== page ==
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Hoffmann, R. A wiki for the life sciences where authorship matters. Nature Genetics (2008)

Organization of the gene for platelet glycoprotein IIb.

The glycoprotein (GP) IIb/IIIa heterodimer functions as a receptor for fibrinogen, von Willebrand factor, and fibronectin on activated platelets; it is dysfunctional in the bleeding diathesis Glanzmann's thrombasthenia. This receptor is a member of the integrin family, which includes homologous membrane receptors involved in a number of different cell-cell and cell-matrix adhesive interactions. Knowledge of the sequence and organization of the GPIIb and GPIIIa genes will help in understanding evolutionary relationships and functional homologies of this family of adhesion protein receptors and will facilitate analysis of molecular defects responsible for thrombasthenia. Using the GPIIb cDNA as a probe, we have isolated overlapping genomic clones encompassing the entire coding region, the 5'- and 3'-untranslated sequences, and the immediate flanking regions for the GPIIb gene. The gene spans approximately 17.2 kilobases (kb); all but approximately 2.6 kb of intronic DNA sequence has been determined. The GPIIb gene contains 30 exons whose demarcations do not correlate with previously suggested functional domains. Two intron/exon borders have the rare GC splice donor sequence instead of the consensus GT sequence. There are at least seven complete and three partial AluI sequence repeats within the intron sequences. RNase protection, S1 nuclease analysis, and primer extension studies using human erythroleukemia (HEL) cell RNA and platelet RNA map a major transcription start site 32 base pairs (bp) 5' to the beginning of the coding region; however, there are no canonical consensus TATA or CAAT boxes in the region immediately 5' to the proposed cap site. The immediate 5'-flanking sequence of rodent GPIIb demonstrates complete identity near the proposed cap site with its human counterpart, but again, no TATA or CAAT boxes are apparent.[1]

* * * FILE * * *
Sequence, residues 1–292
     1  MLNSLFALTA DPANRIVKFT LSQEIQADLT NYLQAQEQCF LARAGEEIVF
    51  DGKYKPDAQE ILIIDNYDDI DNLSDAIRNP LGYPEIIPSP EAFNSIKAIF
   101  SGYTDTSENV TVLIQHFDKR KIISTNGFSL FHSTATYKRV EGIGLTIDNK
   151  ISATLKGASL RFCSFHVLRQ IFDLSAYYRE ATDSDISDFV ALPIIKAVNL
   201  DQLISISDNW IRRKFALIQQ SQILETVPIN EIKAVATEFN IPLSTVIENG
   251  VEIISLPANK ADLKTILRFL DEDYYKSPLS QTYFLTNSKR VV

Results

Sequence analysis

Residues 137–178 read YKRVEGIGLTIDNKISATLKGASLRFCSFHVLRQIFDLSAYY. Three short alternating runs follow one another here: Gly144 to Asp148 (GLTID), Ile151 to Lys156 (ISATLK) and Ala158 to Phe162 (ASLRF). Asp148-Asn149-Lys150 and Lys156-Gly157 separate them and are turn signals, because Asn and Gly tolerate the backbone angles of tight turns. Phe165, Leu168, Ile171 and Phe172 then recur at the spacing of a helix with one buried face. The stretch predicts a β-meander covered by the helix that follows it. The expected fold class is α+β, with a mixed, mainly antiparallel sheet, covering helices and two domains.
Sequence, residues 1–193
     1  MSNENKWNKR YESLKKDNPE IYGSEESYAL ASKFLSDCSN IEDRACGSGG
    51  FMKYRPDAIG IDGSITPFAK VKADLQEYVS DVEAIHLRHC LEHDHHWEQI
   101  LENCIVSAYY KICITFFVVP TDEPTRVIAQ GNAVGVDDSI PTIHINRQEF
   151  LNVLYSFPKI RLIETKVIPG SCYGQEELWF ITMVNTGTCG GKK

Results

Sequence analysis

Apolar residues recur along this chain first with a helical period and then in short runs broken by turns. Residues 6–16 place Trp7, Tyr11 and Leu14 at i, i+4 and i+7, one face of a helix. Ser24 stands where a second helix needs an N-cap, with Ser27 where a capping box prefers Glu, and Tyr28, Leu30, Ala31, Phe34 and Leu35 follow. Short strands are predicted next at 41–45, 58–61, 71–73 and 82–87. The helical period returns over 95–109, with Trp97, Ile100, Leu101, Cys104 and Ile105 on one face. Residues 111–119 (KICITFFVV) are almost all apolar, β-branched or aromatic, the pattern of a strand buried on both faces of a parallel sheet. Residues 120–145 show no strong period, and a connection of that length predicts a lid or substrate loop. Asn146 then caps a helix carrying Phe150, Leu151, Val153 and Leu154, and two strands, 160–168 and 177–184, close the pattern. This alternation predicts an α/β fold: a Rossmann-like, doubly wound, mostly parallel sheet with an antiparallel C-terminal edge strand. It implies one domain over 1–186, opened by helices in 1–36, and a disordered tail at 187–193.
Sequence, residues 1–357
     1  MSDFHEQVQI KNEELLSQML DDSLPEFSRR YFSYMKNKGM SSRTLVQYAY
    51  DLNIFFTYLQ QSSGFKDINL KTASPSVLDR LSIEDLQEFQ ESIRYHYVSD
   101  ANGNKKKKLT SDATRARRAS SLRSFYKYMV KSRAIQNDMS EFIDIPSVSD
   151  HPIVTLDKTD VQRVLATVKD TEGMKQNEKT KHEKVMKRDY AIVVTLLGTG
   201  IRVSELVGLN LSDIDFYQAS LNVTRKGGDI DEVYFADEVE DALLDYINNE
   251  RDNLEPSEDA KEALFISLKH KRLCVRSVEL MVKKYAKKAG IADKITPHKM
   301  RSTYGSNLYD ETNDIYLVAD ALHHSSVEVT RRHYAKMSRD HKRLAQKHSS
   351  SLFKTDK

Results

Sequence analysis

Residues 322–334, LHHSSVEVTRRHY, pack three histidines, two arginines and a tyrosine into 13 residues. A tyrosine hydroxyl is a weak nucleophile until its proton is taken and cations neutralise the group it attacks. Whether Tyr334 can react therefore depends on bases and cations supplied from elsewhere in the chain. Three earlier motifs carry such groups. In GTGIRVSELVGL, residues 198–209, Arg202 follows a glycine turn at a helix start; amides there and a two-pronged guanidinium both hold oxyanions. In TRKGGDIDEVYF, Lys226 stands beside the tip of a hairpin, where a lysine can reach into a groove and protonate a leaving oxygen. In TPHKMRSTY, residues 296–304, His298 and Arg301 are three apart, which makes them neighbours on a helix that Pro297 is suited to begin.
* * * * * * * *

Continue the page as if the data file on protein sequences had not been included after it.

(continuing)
1. Organization of the gene for platelet glycoprotein IIb. Heidenreich, R., Eisman, R., Surrey, S., Delgrosso, K., Bennett, J.S., Schwartz, E., Poncz, M. Biochemistry (1990) [Pubmed]
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